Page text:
As our selectboard considers the draft Shade Tree Preservation Plan for Charlotte, a first logical question for many people might be: “What is a ‘shade tree’?”
The term appears in the original state legislation dating back to the 1920s that defined the role and responsibilities of town tree wardens. It refers to the role of trees as providers of shade on town greens and along town roads.
Before the advent of air conditioners, it was important for people, particularly in summer, to have places to gather where they would be protected from the heat and glare of the sun. In an era where much transportation was still powered by draft animals, having shaded roads was desirable because it helped alleviate sun fatigue for these creatures and their human drivers.
But what does shade tree mean in our modern era? The former and current state legislation addressing tree wardens stipulate that removal of shade trees on town property and town rights of way requires permission of the tree warden.
Prior to the end of 2020 what constituted a shade tree, however, was left to the towns to figure out. Charlotte, like many other towns, interpreted the term to apply to all trees since all trees provide shade.
Some towns adopted a more limited definition of shade trees. The new legislation passed just under three years ago clarifies that shade trees include only trees on public property and public rights of way that are planted by the municipality. At the same time, the new legislation enables towns to expand these limited protections, which brings us to our proposed Shade Tree Preservation Plan.
The draft plan restores the traditional protections for all trees on town land and along town roads. It also clarifies rules for circumstances under which tree removals would be allowed. Beyond that, the Shade Tree Preservation Plan defines a citizen-driven program and process for the planting and maintenance of trees in public spaces and public ways.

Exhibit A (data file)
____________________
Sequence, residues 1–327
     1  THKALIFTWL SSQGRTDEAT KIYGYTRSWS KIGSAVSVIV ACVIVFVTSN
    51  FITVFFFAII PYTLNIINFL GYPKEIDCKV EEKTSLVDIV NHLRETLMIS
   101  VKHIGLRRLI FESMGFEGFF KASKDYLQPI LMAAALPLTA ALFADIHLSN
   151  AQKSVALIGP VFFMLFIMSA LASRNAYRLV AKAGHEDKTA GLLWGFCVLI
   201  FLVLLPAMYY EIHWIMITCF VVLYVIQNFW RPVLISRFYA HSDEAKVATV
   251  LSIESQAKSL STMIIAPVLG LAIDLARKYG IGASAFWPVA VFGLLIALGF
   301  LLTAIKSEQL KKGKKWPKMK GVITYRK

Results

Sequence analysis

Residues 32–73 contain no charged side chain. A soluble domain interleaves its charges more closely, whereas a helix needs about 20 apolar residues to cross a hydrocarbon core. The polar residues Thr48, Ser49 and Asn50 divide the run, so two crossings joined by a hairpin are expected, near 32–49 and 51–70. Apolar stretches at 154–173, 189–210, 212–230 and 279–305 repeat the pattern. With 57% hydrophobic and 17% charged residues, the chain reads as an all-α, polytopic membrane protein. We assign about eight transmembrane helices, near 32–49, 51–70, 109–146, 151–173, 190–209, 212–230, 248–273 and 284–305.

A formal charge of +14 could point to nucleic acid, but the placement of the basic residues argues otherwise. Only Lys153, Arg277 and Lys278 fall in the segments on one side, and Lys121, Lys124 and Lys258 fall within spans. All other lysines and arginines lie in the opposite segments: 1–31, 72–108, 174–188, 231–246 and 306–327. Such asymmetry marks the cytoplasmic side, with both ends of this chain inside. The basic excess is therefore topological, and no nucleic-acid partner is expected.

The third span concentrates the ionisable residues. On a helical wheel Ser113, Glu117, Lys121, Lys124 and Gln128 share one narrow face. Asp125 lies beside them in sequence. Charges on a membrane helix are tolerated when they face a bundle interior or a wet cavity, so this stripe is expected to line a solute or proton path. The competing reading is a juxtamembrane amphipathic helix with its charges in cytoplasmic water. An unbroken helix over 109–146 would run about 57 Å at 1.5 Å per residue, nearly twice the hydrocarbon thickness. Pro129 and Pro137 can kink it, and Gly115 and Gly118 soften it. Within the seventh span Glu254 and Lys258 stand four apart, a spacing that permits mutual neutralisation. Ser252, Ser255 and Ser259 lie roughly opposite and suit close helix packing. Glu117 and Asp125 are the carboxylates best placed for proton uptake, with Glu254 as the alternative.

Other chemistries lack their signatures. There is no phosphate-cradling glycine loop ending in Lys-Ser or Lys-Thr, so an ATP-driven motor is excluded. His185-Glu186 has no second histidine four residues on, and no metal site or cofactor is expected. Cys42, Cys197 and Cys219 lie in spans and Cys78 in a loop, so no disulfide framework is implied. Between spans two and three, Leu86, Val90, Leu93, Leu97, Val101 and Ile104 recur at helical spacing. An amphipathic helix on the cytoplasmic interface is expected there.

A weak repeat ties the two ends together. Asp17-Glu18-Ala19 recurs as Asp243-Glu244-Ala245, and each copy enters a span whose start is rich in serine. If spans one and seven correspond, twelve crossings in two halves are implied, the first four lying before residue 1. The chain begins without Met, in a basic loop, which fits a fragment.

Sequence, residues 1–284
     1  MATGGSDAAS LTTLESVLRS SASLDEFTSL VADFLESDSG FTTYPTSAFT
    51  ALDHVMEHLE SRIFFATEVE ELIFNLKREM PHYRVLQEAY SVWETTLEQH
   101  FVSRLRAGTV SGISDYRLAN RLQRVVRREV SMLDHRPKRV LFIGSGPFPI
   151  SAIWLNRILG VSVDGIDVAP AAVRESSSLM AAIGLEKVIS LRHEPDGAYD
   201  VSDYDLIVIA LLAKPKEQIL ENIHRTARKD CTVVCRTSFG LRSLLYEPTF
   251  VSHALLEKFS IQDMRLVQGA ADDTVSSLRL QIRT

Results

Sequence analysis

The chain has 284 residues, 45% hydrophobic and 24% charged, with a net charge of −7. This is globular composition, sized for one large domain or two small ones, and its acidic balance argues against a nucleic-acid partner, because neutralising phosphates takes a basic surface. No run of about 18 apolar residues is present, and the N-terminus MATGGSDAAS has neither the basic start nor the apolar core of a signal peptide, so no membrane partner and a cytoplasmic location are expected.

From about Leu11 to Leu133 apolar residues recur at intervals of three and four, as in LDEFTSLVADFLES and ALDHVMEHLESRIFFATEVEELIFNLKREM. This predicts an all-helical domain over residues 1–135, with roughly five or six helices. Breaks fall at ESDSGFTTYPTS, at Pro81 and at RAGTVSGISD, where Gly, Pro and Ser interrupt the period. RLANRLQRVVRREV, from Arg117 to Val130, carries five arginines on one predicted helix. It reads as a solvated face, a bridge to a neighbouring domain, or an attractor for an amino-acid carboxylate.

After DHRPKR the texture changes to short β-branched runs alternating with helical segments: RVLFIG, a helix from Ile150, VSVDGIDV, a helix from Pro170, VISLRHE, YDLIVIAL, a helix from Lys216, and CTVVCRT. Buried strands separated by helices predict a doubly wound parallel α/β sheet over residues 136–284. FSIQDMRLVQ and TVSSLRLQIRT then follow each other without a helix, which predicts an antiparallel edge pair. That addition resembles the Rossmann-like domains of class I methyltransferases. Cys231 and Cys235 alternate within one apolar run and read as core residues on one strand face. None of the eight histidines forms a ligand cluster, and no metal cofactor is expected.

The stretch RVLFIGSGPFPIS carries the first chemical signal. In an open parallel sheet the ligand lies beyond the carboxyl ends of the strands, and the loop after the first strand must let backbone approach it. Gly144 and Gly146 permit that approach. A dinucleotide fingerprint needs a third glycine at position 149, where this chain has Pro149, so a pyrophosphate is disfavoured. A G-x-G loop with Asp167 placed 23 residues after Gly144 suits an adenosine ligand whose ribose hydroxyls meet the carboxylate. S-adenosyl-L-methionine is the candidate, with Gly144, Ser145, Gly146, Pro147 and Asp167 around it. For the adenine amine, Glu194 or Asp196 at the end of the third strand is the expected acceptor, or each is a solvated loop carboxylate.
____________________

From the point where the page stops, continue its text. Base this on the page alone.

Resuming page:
We care about protecting our public trees for a variety of utilitarian, environmental and aesthetic reasons. Particularly after the recent catastrophic flooding in our state, we may appreciate the role of roadside trees in enhancing water infiltration and mitigating flood impacts.
This happens because leaf canopies can reduce erosion from rain and root systems can absorb water and help soil to better soak up runoff. Shaded dirt roads help retain moisture which makes it easier and less expensive for our road commissioner to maintain the non-paved portion of Charlotte’s thoroughfares.
If the understory is well vegetated, wooded roadsides can create windbreaks to prevent snow drift. Treed roadsides provide habitat and corridors for wildlife; they sequester carbon, improve air quality and moderate temperatures. Cooler roads are no longer needed to protect draft animals, but are appreciated by horse riders, joggers, hikers and bicyclists in the increasingly hot summers.
From late fall to early spring, deciduous trees obligingly shed their leaves to allow warming sun rays to penetrate to roadsides. Besides these practical benefits, trees make our town more beautiful.
In the near future, our selectboard will review and consider for approval the current draft Shade Tree Preservation Plan, but first there will be a public hearing to air views on the plan on Sept. 12, 7-8:30 p.m. All interested members of the Charlotte public are invited and encouraged to attend.
For more info, see the tree warden section of the town website, see the plan or see an explanation of the plan.